For example the number 37 has

**3**set bits in it’s binary representation (0010 0101)

**Method#1: Simple**

In this method we perform & operation between the number and 1 to get the last bit (Least Significant Bit or LSB). If it is 1 we increment the count. In the next iteration we right shift the number by one bit and repeat the same operation until the number becomes 0.

public static int getSetBitCount(int num)

{

int count = 0;

while( num > 0)

{

if( (num & 1) == 1)

count++;

num = num >> 1;

}

return count;

}

This method has a drawback that even if there less number of set bits, we have to go through all the bits to count the set bits.

For example If the given number is 129 ( 1000 0001). It unnecessarily goes though all the 0s between the first and last 1s.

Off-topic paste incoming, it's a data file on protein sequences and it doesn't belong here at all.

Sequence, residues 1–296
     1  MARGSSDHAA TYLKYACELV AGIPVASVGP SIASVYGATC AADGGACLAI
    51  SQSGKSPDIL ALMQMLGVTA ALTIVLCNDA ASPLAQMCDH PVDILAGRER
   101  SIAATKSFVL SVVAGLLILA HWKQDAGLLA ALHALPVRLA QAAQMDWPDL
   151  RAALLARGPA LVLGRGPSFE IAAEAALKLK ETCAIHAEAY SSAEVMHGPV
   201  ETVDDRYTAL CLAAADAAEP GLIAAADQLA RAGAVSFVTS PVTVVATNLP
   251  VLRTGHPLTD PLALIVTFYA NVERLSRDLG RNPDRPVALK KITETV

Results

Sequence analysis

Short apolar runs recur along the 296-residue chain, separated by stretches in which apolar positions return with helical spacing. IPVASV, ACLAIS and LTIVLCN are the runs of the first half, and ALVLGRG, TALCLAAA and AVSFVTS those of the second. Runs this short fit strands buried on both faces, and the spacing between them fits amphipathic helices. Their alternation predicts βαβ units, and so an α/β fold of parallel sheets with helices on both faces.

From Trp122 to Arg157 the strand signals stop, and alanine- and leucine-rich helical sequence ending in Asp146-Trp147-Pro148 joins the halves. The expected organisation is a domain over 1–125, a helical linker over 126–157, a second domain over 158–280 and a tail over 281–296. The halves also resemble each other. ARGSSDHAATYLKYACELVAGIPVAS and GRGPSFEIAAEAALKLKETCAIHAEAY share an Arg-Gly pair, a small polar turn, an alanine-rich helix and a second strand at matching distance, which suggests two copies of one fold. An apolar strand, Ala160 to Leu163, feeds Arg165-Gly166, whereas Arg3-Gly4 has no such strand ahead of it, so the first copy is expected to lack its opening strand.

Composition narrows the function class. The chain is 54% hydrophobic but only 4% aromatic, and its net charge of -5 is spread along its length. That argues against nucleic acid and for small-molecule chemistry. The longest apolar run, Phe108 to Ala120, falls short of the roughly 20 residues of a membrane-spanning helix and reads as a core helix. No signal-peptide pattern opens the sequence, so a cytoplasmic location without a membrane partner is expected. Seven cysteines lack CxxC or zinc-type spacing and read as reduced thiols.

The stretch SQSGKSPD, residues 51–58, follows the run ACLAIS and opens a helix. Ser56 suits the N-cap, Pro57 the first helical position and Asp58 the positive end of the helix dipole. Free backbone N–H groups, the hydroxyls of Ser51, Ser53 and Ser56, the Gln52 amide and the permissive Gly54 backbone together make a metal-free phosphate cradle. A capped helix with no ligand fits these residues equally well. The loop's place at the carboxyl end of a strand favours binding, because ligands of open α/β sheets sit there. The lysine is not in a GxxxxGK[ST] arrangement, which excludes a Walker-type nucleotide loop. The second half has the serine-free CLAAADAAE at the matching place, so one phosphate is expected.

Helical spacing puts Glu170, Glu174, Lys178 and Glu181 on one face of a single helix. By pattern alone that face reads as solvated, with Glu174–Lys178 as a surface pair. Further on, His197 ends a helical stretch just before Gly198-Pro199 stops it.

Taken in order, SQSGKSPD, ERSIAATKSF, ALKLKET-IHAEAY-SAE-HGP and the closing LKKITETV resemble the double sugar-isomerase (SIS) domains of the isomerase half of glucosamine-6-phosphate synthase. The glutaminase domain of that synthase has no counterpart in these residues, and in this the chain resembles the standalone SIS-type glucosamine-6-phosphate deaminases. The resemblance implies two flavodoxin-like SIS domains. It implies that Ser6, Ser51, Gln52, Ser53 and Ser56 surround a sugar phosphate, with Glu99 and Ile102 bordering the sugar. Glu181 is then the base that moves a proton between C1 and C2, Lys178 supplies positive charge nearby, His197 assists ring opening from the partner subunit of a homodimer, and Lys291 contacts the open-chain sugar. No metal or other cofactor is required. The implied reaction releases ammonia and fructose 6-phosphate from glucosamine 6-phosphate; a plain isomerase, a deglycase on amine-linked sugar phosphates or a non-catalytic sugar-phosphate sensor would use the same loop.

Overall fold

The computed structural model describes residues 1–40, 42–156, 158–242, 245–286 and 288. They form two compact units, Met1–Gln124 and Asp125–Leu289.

Next method overcomes this drawback.** **

**Method#2: Kernighan & Ritchie Method**

This method is a slight improvement of the previous method where it skips the zeroes wherever they appear.

This method is based on the observation that performing a bit-wise & operation between num and (num-1) clears the right most set bit.

For example if num = 39

0010 0111

0010 0110

———-&

0010 011**0**

The number of iterations in this algorithm is based on the number of set bits. If number is 129 we can find the set bits in just two iterations.

1000 0001 = 129

1000 0000 = 128

———-&

1000 0000 = 128

0111 1111 = 127

————-&

0000 0000

public static int getSetBitCount(int num)

{

int count = 0;

while( num > 0)

{

num = num & (num-1);

count++;

}

return count;

}

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